Chapter 1  Jul 5th: Old Economy Drags Base Metals Lower in First Half of 2023

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[China's manufacturing sector contracted for the third straight month in June.]

The official purchasing managers' index (PMI) came in at 49.0, a slight improvement on May but still below the 50-point mark that separates expansion from contraction.

The Caixin PMI, which is generated from surveys of smaller, more export-oriented companies, was slightly better at 50.5 but that was down from May levels.

Taken together, the PMIs suggest China's giant factory sector is struggling to maintain its early-year momentum and base metals are paying the price.

The year started with high expectations of a super-charged Chinese rebound after last year's stringent lockdowns but that has not happened.

Indeed, the weakness has extended beyond China with both Europe and the United States also experiencing manufacturing downturns.

The London Metal Exchange (LME) index of base metals has sunk from a January high of 4,356 to 3,704.

Prices would likely be lower still were it not for strong green demand channels and stubbornly low visible inventories.

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Old Vs New Economy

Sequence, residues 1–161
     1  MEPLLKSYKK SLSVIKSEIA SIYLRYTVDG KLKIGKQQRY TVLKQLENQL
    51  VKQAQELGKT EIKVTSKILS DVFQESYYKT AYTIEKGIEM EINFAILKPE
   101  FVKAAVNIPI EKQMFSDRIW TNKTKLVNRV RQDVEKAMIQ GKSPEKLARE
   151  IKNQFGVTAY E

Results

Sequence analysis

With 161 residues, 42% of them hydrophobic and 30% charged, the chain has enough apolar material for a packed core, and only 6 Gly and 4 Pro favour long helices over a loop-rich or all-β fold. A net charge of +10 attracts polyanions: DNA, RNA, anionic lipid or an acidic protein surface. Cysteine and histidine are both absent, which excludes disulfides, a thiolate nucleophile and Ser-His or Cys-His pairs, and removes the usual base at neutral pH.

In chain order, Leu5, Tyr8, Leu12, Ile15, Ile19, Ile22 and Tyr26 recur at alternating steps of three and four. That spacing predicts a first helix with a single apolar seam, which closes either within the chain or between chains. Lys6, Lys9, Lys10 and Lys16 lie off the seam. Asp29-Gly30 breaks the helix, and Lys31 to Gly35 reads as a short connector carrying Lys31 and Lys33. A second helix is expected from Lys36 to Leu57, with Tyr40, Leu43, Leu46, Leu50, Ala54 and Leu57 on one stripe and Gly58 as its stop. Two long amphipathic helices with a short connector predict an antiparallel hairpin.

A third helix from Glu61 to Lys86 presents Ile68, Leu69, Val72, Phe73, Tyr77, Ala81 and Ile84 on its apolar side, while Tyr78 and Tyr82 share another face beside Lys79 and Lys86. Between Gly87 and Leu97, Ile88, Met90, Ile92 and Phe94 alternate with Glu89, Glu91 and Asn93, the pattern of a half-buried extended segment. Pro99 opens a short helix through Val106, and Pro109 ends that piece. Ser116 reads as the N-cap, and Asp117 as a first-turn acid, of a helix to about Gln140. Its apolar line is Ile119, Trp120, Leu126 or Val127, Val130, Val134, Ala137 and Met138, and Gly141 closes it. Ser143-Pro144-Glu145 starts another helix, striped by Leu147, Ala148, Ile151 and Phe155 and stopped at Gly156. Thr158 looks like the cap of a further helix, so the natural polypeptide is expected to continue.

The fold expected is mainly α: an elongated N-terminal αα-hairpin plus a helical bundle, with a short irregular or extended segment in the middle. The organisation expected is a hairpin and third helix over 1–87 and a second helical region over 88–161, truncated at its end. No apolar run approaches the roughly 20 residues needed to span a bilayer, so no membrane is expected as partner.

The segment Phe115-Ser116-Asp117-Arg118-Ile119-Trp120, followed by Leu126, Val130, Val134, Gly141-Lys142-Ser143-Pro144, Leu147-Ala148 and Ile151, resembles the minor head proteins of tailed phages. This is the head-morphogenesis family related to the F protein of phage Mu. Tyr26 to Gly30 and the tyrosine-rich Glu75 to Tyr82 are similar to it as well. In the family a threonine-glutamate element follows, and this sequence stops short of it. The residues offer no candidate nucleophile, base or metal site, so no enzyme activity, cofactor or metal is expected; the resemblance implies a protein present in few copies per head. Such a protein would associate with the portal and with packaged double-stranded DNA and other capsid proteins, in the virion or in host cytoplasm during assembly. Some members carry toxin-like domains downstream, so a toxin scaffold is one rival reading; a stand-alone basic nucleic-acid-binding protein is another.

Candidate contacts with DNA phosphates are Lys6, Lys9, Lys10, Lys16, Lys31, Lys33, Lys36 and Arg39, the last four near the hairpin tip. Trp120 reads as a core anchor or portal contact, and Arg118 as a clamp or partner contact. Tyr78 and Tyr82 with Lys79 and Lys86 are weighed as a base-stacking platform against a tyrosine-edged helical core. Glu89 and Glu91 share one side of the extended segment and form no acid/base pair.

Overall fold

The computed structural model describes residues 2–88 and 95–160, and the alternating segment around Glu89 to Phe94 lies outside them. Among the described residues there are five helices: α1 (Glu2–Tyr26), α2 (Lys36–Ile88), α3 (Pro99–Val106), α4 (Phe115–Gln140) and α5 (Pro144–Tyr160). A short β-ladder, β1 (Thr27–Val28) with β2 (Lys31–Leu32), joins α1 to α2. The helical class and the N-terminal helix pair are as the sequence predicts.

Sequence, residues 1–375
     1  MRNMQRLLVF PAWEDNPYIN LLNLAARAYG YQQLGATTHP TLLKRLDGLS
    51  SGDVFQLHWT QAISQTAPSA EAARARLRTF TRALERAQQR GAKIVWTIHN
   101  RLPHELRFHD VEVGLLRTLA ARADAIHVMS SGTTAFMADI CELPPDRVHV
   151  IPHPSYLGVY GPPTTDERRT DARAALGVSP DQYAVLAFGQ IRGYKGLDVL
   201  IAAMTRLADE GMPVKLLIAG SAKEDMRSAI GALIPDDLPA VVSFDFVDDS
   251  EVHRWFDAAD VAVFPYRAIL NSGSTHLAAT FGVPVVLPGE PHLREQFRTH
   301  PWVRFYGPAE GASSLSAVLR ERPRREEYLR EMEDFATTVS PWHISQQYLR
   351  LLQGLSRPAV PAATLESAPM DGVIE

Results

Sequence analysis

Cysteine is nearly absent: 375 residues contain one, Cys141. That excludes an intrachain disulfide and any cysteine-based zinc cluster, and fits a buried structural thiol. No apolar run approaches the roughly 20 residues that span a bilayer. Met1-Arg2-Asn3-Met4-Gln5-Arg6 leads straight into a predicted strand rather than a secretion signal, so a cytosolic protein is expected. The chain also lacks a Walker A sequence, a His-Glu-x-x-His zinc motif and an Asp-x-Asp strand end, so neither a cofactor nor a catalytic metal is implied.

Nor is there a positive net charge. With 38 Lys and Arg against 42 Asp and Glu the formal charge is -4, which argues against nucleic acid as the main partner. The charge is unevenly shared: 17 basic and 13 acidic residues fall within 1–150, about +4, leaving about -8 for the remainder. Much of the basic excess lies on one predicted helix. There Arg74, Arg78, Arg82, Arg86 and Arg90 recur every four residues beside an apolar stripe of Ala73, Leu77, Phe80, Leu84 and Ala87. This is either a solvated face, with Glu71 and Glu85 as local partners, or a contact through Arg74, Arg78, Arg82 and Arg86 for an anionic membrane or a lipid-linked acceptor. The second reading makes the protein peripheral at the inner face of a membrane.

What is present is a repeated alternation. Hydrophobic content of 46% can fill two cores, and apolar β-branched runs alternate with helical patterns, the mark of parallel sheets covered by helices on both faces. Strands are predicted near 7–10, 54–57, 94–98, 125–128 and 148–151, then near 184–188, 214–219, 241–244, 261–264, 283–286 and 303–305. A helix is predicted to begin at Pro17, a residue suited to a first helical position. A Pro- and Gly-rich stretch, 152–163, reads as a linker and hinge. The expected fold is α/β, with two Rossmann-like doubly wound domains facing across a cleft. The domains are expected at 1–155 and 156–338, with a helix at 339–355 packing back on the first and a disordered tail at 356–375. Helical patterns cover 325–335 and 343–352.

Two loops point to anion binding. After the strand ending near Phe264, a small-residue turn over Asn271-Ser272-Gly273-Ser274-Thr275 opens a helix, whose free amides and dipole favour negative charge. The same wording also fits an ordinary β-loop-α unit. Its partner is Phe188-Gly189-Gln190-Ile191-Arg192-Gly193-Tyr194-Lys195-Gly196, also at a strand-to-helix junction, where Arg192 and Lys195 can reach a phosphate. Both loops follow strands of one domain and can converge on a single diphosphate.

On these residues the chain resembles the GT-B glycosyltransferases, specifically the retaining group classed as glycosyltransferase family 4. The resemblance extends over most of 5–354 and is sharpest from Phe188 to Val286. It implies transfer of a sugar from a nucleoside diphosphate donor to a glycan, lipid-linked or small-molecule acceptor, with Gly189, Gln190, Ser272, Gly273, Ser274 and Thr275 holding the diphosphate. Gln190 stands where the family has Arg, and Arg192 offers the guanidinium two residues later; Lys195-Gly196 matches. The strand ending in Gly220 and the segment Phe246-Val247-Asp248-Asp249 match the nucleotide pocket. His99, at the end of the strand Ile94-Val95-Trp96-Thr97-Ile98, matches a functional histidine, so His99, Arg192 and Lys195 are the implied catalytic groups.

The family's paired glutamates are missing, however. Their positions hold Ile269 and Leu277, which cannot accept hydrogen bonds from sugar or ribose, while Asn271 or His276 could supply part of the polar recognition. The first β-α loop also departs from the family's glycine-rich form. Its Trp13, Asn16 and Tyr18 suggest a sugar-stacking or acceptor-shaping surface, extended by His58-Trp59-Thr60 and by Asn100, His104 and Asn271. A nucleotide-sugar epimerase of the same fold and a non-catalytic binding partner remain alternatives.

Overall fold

What happened to the metals super-cycle?

Actually, there is plenty of evidence that energy transition sectors such as grid investment are doing just fine.

China's spend on its national power network declined marginally during 2015-2020, but 2021 marked a turnaround with investment rising further in 2022 and the pace accelerating this year, according to analysts at Citi.

Grid spending rose by 11% over the first five months of 2023 and was the highest January-May investment since 2017, Citi notes.

This should be good news for metals such as copper and aluminium.

The problem is that green demand channels are doing no more than offsetting long-running weakness in China's property sector, which has been the prime driver of the country's metals demand for more than a decade.

The impact of China's property woes is evident in soft iron ore and ferrous markets, steel products such as rebar being particularly exposed to reduced construction activity.

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Relative Weakness

Only one core LME metal bucked the generally weaker trend in the first half of the year.

Tin closed June at $26,787 per metric ton, up 7.5% on the start of January. Tin has been caught in another sharp squeeze, the cash premium over three-month metal flexing out to $1,704 per metric ton in June, the widest it's been since late 2021.

Copper was essentially unchanged at the end of last month relative to the start of the year and the other four constituents of the LME index all traded out June at lower levels.

Nickel and zinc were particularly hard hit, falling by 34% and 21% respectively over the first six months of 2023.

The two metals share a narrative of over-supply, although zinc has fallen to a level that is now causing real pain for some producers.